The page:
Karl White Honored by Alexander Graham Bell Association

Karl White, a 1984-1985 AAAS Congressional Fellow, recently accepted the Volta Award given by the Alexander Graham Bell Association for the Deaf and Hard of Hearing. The award, presented at the organization’s June 2006 convention, was in recognition of Karl’s persistent contribution to hearing loss prevention in newborns and infants and his continued campaign for public awareness over the past 15 years.

Referred to as an “invisible disability,” hearing loss affects three in 1,000 children, influencing a child’s learning, language and thought processing. It was Karl’s experience as a AAAS Fellow that began his critical research to aid this most vulnerable population.

A statistician by training, Karl is an “accidental” Fellow. Looking for a sabbatical opportunity while at Utah State University (where he was performing cost-benefit analyses of highly disabled children), Karl happened upon an ad for the AAAS fellowship, and his career took off on a new direction.

When he applied to the AAAS fellowship in 1984, Karl did not know much about the congressional process. However, he was awarded one of two AAAS Congressional Fellowships and accepted an assignment with the Senate Subcommittee of the Handicapped (which has since been renamed the Senate Subcommittee on Disability Policy). At first, he was quite surprised that his academic training did not transition naturally to working on Capitol Hill. Although, in time, Karl gained new respect for the system and its ability to do good works for the public.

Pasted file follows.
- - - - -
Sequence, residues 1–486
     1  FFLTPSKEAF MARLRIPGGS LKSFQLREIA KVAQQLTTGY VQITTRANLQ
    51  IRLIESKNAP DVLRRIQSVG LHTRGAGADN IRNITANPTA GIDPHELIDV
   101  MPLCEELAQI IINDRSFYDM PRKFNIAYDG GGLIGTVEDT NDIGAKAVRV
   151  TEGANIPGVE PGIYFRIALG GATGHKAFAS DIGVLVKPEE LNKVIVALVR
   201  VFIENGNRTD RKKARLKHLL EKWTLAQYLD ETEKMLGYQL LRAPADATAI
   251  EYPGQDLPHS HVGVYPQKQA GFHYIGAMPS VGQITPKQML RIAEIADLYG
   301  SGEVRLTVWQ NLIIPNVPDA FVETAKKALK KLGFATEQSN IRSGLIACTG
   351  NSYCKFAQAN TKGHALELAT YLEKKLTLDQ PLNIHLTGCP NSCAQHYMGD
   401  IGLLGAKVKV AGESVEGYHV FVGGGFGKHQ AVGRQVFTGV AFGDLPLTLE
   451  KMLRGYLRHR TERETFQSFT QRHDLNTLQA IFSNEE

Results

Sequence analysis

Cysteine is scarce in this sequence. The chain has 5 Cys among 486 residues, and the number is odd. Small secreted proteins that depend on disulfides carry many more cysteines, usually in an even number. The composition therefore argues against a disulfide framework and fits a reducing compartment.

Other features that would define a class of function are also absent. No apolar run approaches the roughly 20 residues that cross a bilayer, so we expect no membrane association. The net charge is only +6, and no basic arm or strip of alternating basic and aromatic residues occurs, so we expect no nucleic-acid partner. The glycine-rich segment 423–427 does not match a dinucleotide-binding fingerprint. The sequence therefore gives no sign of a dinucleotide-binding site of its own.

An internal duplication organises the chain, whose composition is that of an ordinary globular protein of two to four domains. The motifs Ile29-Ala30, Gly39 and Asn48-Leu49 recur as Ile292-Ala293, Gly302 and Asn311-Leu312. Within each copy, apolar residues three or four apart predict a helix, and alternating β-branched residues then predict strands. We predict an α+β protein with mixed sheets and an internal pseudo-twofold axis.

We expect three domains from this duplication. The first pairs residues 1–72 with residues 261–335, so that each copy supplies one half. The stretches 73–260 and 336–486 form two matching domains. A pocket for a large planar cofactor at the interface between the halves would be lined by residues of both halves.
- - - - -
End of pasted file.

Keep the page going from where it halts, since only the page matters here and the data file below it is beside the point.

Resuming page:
During his tenor with the subcommittee, he contributed to the creation of the Commission on Education of the Deaf and the Education of the Deaf Act of 1986. The ramifications of this act and a call from the Congressional Commission on the Education of the Deaf led Karl to the area of newborn hearing loss, and hearing screening and intervention programs.

Now as director of the National Center for Hearing Assessment and Management (NCHAM) at Utah State University, which promotes programs for early detection and management of hearing loss in children, Karl has a keen understanding that a bridge between science and policy is not just beneficial, but necessary. “If you don’t take what you’re finding in science and apply it,” Karl notes, “society is the loser.”

Today, Karl is building on the success of NCHAM in the U.S. by taking his research abroad to Poland, Costa Rica, and soon to India. There, he is starting a pilot program in conjunction with the Indian government to create a system within health clinics to help prevent and identify hearing loss in children.

For more information on Karl and his work, visit www.infanthearing.org.